“It all started with la graffa, a Sicilian fluffy donut jam-packed with sweetened ricotta and dusted with sugar. When I was 11 years old, my parents sent me to apprentice with a barber. I spent my weekly earnings on movie tickets and graffe. With a sugar addiction and empty pockets, it was apparent that I was meant to be a baker not a barber”, said Vito, the owner of Laboratorio Dolci Peralta.
Peralta has been open for more than 32 years. It churns out traditional Sicilian desserts like biscotti di mandorle (cookies made from a base of almond paste), cassate and cannoli. I spent a morning in the kitchen with Vito and his daughter/heir apparent Lorena, talking, photographing and eating.
The marble countertop was a field of moon, star and ball shaped morsels made from pasta di mandorla (almond paste). Vito makes traditional flavors of lemon and pistachio and new combinations like tiny globes with a fresh cherry center. Lucky for me, it was cherry season.
Next stop, cannoli! The dough is rolled out, wrapped around wooden tubes and piled on a tray before frying.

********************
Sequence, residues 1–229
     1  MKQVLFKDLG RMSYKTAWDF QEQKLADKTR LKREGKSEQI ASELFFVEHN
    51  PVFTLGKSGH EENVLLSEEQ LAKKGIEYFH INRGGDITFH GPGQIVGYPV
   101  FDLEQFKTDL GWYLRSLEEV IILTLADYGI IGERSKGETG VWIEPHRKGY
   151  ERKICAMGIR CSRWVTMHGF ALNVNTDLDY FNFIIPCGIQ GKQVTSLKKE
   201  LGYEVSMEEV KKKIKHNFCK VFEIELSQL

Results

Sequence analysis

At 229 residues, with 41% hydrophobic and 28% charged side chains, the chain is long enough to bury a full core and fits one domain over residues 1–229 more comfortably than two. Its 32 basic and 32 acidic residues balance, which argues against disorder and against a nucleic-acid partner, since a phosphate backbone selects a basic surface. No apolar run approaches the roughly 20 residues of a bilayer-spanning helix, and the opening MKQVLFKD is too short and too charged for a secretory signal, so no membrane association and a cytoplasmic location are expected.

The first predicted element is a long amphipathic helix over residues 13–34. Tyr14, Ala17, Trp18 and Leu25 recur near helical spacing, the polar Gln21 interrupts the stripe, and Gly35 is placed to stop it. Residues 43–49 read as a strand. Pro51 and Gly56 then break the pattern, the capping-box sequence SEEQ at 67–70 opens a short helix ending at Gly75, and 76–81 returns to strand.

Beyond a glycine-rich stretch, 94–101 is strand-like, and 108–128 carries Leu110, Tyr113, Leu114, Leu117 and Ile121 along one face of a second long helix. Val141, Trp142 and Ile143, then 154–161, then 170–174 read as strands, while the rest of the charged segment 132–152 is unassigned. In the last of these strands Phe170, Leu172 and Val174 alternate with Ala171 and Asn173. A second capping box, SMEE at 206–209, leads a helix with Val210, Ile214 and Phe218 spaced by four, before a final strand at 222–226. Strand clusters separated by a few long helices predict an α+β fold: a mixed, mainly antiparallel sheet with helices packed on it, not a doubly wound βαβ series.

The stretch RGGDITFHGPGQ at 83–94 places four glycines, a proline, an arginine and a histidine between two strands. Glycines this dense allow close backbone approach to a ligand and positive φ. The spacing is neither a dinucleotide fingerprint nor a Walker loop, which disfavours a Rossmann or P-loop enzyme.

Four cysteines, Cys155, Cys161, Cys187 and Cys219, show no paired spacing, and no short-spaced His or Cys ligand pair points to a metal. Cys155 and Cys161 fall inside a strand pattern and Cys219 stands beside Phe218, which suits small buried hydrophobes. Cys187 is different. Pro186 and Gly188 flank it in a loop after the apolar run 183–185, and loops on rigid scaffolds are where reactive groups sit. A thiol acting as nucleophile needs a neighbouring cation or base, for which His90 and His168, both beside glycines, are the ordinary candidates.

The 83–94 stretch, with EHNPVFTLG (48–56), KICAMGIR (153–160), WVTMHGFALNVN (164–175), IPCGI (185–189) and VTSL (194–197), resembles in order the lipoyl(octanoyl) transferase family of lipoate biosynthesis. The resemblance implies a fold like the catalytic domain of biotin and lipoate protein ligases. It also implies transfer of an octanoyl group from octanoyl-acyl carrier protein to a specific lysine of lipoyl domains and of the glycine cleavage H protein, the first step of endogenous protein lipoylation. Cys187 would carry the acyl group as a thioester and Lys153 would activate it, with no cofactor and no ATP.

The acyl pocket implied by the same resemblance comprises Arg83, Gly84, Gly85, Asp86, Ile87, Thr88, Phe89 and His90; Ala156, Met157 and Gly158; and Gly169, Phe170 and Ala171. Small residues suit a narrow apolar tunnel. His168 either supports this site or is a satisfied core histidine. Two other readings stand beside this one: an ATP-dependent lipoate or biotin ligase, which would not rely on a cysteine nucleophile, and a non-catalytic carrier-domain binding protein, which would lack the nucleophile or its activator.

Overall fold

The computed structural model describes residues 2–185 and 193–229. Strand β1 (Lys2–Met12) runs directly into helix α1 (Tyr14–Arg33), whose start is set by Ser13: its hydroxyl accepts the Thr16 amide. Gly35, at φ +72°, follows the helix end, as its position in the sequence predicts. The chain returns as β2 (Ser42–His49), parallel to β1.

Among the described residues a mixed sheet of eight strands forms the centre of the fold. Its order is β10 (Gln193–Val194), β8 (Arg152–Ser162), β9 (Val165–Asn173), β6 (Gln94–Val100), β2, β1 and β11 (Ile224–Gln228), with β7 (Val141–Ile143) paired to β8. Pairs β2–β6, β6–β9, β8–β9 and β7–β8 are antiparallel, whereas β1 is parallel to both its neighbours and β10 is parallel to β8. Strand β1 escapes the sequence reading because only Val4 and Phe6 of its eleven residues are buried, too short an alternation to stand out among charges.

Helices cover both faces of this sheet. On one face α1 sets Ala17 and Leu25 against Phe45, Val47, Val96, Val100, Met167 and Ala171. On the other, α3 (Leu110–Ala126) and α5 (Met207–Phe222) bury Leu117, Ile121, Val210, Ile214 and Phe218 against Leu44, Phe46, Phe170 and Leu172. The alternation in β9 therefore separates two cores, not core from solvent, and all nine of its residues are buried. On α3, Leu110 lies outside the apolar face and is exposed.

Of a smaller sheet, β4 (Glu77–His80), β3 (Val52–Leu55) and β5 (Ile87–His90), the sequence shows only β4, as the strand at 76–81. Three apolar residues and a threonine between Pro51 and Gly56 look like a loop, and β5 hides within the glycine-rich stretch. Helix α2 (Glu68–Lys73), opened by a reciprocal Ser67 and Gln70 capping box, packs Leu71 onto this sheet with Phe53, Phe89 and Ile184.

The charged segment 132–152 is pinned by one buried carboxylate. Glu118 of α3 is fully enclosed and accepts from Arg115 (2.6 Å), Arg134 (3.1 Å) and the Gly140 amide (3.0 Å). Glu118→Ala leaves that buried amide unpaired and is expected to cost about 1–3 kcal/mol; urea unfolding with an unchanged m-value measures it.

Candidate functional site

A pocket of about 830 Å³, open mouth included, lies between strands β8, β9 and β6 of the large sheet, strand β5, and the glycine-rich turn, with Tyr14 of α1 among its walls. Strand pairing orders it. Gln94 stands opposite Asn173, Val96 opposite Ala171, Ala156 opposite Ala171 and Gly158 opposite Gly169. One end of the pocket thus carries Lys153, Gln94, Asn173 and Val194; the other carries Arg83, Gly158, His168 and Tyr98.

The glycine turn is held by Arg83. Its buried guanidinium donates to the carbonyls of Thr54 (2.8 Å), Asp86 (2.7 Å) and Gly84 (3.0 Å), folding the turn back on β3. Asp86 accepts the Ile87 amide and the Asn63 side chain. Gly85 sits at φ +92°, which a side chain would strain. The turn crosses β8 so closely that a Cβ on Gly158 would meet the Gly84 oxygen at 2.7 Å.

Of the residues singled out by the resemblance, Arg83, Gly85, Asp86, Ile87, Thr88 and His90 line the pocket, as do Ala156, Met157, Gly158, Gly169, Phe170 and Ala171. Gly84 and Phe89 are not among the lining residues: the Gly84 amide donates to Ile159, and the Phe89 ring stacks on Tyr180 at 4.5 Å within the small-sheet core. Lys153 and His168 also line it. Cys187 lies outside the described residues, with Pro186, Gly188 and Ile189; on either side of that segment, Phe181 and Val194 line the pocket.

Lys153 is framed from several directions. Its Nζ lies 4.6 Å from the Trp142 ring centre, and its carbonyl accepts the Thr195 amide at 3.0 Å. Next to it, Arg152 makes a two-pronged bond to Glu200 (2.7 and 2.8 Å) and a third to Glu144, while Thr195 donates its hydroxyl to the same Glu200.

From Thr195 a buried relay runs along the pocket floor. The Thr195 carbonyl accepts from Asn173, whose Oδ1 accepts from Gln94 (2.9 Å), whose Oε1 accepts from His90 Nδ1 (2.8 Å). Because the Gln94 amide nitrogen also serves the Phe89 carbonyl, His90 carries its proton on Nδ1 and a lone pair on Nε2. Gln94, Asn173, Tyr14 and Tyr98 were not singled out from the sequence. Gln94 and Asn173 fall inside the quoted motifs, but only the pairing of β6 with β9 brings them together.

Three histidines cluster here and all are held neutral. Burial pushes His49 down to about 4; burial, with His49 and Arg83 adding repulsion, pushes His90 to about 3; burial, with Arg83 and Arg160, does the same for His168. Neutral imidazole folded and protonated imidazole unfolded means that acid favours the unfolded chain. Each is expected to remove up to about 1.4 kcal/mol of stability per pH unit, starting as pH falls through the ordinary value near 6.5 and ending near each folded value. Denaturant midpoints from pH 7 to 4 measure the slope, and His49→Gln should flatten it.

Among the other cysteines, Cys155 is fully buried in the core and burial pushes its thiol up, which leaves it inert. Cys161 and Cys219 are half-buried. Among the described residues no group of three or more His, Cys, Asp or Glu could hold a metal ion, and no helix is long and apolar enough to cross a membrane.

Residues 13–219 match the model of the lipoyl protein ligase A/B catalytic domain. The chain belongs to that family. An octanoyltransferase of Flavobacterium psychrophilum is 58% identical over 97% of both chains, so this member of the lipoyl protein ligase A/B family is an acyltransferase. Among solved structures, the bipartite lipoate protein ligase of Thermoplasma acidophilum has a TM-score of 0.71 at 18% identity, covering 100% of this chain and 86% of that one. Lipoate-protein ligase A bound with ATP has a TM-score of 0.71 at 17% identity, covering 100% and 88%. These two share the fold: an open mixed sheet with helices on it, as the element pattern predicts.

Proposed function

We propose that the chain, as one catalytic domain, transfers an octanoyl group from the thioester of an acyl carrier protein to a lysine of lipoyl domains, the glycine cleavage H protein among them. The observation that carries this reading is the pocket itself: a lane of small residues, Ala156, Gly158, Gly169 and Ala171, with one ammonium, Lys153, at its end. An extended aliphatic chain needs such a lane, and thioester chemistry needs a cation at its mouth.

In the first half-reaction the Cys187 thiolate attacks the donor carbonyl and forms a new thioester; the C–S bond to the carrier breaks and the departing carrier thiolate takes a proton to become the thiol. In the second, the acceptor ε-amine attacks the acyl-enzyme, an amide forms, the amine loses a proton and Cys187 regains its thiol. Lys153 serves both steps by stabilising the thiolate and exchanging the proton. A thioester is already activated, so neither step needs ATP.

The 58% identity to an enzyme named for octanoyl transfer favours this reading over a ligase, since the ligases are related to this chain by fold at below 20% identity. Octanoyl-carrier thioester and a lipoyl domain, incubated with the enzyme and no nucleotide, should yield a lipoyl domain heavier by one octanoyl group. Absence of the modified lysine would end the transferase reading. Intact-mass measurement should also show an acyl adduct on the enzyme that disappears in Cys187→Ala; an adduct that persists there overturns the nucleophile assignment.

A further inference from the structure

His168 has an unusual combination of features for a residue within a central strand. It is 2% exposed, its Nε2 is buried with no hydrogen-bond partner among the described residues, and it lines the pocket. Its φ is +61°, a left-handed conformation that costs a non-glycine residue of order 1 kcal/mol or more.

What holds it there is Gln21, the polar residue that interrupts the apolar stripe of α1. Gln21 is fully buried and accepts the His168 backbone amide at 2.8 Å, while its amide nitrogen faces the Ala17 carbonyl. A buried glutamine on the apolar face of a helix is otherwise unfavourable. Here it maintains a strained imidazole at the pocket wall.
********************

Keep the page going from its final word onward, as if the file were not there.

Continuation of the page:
Golden shells emerge from a bubbly pool.
Sheep’s milk ricotta, candied orange peel and confectioners sugar filling is mixed and set aside. Unlike most pastry shops outside of Sicily, here shells are filled on order. This combined with the skill of the baker guarantees a delicate crisp pastry.And the finishing heavenly touches…crushed pistachios and syrupy citrus strands are placed on the ricotta.Onto the king of Sicilian desserts, cassata siciliana, made with layers of liquor-soaked sponge cake and a mixture of sweetened sheep’s milk ricotta and dark chocolate bits. Tin pans are lined with the sponge. The luscious cheese combo is smoothed on top and the cassata is flipped over.
Vito prides himself on making “proper cassata” which equals an elaborately decorated work of art. After the flip, it’s encased in a strip of pale green marzipan, glazed with white icing and adorned with crystallized oranges, pears and cherries. The glistening fruit wedges appear like flower petals.And last but certainly not least is frutta martorana. Painted in vibrant colors, these marzipan fruits are said to have been created by nuns of the Martorana convent in Palermo for the archbishop’s visit on the Day of the Dead, November 1. He was awestruck by the fruit hanging from trees in the cloister. These sugary treats are now made all the year round but are given to children in memory of the dead on All Souls’ night.You’ll find Vito and Lorena hard at work, 7 days a week at:Laboratorio Dolci Peralta Via Santuario, 28 San Vito Lo Capo (TP) Tel: +39 330 269917 Peralta plans to transfer to Via Immacolata, 17 in 2013.